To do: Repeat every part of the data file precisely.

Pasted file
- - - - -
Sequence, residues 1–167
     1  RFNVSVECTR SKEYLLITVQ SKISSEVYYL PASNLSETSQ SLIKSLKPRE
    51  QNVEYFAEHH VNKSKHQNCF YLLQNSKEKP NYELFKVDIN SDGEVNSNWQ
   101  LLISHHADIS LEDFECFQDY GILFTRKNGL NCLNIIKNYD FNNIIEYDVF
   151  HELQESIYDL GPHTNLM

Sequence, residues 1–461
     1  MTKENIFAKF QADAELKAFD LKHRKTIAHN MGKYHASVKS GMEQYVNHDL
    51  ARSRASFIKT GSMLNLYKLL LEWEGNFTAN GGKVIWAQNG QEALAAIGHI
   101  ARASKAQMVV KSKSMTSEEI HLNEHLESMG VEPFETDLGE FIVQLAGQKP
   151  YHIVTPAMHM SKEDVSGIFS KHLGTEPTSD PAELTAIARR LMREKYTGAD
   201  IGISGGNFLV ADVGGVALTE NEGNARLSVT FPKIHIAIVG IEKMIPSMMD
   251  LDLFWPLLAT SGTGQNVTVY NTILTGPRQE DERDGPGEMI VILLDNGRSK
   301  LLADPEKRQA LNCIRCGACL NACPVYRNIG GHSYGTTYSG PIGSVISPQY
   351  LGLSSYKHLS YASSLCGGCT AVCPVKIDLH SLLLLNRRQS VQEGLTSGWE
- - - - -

Sequence, residues 1–167
     1  RFNVSVECTR SKEYLLITVQ SKISSEVYYL PASNLSETSQ SLIKSLKPRE
    51  QNVEYFAEHH VNKSKHQNCF YLLQNSKEKP NYELFKVDIN SDGEVNSNWQ
   101  LLISHHADIS LEDFECFQDY GILFTRKNGL NCLNIIKNYD FNNIIEYDVF
   151  HELQESIYDL GPHTNLM

Sequence, residues 1–461
     1  MTKENIFAKF QADAELKAFD LKHRKTIAHN MGKYHASVKS GMEQYVNHDL
    51  ARSRASFIKT GSMLNLYKLL LEWEGNFTAN GGKVIWAQNG QEALAAIGHI
   101  ARASKAQMVV KSKSMTSEEI HLNEHLESMG VEPFETDLGE FIVQLAGQKP
   151  YHIVTPAMHM SKEDVSGIFS KHLGTEPTSD PAELTAIARR LMREKYTGAD
   201  IGISGGNFLV ADVGGVALTE NEGNARLSVT FPKIHIAIVG IEKMIPSMMD
   251  LDLFWPLLAT SGTGQNVTVY NTILTGPRQE DERDGPGEMI VILLDNGRSK
   301  LLADPEKRQA LNCIRCGACL NACPVYRNIG GHSYGTTYSG PIGSVISPQY
   351  LGLSSYKHLS YASSLCGGCT AVCPVKIDLH SLLLLNRRQS VQEGLTSGWE